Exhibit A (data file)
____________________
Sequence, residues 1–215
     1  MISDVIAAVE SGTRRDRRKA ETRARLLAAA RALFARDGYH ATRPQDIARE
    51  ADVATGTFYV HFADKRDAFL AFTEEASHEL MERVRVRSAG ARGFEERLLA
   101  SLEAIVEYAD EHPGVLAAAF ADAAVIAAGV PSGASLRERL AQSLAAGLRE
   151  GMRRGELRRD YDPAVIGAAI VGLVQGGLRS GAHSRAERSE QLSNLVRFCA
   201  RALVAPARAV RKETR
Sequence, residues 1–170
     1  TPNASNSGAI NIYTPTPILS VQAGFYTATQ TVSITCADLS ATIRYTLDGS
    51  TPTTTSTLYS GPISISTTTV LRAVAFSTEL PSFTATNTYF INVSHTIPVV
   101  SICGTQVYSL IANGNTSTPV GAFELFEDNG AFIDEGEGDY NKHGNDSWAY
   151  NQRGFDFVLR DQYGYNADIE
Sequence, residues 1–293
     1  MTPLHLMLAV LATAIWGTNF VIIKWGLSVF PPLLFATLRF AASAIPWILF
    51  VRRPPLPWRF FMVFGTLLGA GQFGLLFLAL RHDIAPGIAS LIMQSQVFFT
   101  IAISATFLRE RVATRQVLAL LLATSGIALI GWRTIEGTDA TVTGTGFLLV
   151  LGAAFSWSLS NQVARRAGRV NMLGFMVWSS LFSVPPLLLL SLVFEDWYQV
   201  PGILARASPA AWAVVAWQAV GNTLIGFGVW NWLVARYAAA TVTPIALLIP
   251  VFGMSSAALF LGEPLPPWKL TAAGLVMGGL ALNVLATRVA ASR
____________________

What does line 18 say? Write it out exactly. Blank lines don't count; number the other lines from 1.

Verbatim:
   251  VFGMSSAALF LGEPLPPWKL TAAGLVMGGL ALNVLATRVA ASR